B. Secondly, and perhaps more fundamentally, even if I had had no basis in Chazal, it would still not have been a heresy. The question of whether one is bound to interpret a story in the Torah – as opposed to a mitzvah or halakha - the way Chazal do, is an old question. The consensus amongst the Geonim, backed up by many Rishonim and Aharonim, is to unequivocally permit it.

For example, in Rav Shmu’el ha-Naggid’s introduction to the Talmud (under the term “aggada”), he says: “Anything which [Chazal] offered as interpretations of verses, each person offered what happened to occur to him and what made sense to him. Therefore, whatever makes sense (to you) from these interpretations you should accept, and the rest should not be taken into account.” A similar statement can be found in the Sefer ha-Eshkol (Albeck, Laws of the Sefer Torah pgs. 157-8) in the names of Rav Sherira and Rav Hai. This is also discussed by Ibn Ezra, in his introduction to the Torah (part 5), and by Rashbam, in his opening comments on Genesis and Parshat Mishpatim.

Rav David Tzvi Hoffman, in the introduction to his commentary on Va-Yikra (pg. 6), quotes Rav Shmu’el ha-Naggid, and states: “The sayings, stories, wisdom and exhortations of our sages, collectively referred to as Aggada, whose point is to convey a moral or an explanation of a scriptural passage which contains no law – one cannot claim that they were given at Sinai, and we are not at all obliged to accept them.” Rabbi Leo Jung, in his book Fallen Angels (pg. 4) states in reference to Aggada: “They have no authority; they form no part of Jewish religious belief.”

Though this last is, perhaps, an overstatement, it should be clear at this point, that even if I were wrong about my interpretation it would still not have been kefirah. People are entitled to make mistakes in this area without being categorized as heretics.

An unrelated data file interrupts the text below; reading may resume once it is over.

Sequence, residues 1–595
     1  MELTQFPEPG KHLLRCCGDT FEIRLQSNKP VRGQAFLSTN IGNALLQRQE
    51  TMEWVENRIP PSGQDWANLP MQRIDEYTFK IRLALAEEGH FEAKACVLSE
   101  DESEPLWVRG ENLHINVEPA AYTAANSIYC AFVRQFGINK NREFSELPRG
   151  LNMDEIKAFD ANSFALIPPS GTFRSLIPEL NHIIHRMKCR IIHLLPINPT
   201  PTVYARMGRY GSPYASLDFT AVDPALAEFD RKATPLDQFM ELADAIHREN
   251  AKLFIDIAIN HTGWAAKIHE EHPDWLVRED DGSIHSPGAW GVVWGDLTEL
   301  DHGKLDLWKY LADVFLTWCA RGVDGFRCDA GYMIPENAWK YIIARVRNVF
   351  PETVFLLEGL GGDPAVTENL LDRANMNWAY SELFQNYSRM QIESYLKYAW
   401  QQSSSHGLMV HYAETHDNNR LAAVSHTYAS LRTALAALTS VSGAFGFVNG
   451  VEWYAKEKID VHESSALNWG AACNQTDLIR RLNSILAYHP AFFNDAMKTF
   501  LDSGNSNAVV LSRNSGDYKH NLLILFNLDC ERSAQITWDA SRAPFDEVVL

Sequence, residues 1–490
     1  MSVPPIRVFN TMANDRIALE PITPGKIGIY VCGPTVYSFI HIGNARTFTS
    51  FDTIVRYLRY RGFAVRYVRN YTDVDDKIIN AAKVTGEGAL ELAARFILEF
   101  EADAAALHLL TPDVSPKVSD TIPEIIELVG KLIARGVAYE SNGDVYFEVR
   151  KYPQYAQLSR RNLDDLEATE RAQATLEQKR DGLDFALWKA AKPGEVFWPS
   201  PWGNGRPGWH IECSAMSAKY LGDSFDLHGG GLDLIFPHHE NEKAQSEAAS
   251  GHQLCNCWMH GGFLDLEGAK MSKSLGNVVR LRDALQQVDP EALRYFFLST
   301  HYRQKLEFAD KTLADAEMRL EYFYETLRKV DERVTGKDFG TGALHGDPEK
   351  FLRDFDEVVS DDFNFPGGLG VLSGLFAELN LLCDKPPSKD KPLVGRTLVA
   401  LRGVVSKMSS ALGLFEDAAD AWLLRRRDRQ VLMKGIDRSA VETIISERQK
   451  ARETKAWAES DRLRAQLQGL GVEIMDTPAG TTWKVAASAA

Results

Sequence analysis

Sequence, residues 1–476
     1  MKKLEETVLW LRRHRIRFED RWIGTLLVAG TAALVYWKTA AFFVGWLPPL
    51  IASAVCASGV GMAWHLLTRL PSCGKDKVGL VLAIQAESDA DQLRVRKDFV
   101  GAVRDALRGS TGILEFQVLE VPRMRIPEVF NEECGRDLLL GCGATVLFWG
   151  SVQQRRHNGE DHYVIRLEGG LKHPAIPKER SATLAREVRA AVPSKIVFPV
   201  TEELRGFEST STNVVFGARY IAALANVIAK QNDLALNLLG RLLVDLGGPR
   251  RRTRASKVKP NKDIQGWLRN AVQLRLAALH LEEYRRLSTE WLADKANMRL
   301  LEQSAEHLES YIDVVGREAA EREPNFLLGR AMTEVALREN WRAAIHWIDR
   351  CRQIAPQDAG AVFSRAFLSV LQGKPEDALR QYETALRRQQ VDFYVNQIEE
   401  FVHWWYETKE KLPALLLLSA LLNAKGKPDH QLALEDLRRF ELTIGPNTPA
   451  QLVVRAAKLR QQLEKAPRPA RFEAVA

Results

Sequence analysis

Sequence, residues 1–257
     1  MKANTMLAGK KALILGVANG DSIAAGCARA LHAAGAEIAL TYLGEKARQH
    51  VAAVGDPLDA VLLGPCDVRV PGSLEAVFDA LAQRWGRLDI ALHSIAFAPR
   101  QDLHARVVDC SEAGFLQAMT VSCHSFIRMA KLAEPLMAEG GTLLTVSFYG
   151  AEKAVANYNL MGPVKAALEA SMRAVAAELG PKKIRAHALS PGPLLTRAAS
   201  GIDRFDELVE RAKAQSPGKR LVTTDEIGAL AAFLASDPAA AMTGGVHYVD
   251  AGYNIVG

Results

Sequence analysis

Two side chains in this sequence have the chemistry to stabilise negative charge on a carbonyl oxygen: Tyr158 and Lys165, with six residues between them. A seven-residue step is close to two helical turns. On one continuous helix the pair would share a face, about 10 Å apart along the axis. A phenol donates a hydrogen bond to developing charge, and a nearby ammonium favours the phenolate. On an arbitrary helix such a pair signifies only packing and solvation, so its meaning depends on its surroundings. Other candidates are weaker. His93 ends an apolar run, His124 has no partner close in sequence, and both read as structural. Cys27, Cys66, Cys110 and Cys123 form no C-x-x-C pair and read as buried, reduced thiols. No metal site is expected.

C. Thirdly, anyone who has studied Chumash seriously knows that openness to critiquing its heroes is a well accepted and documented practice amongst the meforshim. For example, the Ralbag (Va-Yeitzei, To’elet 22) on our very topic states: “It is worthy to remove ourselves far from the trait of jealousy, for this is a very base trait. One can see that since Rachel only desired children due to jealousy of her sister, it happened that she did not attain her desire except through exceptional hardship, which brought about her death from childbirth.”

A classic example of this type of analysis is found in the Ramban, in his commentary on the story of Avraham and Sarah going to Egypt (Genesis 12”10): “And you should know that Avraham Avinu committed a grave sin, albeit unwittingly, by bringing his righteous wife into a situation of potential iniquity, because he was afraid lest the [Egyptians] kill him. He should have trusted in God to save him and his wife…”

Rav Hirsh, commenting on this same story (Gen. 12”10-13), sums up this position beautifully: “The Torah does not attempt to hide from us the faults, errors and weaknesses of our great men, and precisely thereby it places the stamp of credibility upon the happenings it relates. The fact that we are told about their faults and weaknesses does not detract from our great men; indeed, it adds to their stature and makes their life stories even more instructive. Had they all been portrayed to us as models of perfection we would have believed that they had been endowed with a higher nature not given to us to attain. Had they been presented to us free of human passions and inner conflicts, their nature would seem to us merely the result of a loftier predisposition, not a product of their personal merit, and certainly no model we could ever hope to emulate… Hence let us learn from our great teachers of Torah – among whom Nahmanides is certainly one of the most outstanding – that we must never attempt to whitewash the spiritual and moral heroes of the past. They are not in need of our apologetics, nor would they tolerate such attempts on our part. Truth is the seal of our Word of God, and truthfulness is the distinctive characteristic also of all its genuine great teachers and commentators.”

This is echoed in his comment on Gen. 25”27: “In no place were our Rabbis reticent in revealing to us the weaknesses and mistakes, big and small, of the actions of our great forefathers. Specifically, through this method, they extend the Torah and strengthen its message throughout the generations.”

Rabbi Hirsch clearly conveys the message that critique of the patriarchs and matriarchs is not the privileged prerogative of Chazal but is an approach that we should – as indeed he did – adopt in parshanut ha-mikra.

Additional examples evaluating the Avot and Imahot critically are:
Rashbam on Gen. 22”1 and 32”23,
Bekhor Shor on Gen. 17”19 and Gen. 16”5,
Hezkuni on the latter,
Radak (ibid),
Ramban on Gen. 16”6,
Abarbanel on Gen. 27 (page 307 in the standard edition),
Tzror ha-Mor on Gen. 15”2, 15”9, 17”17 and 35”1.
Kli Yakkar on Gen. 37”1&2,
Netziv (Gen. 29”30-31),
Torat Moshe (of the Hatam Sofer) on Gen. 29”18/30,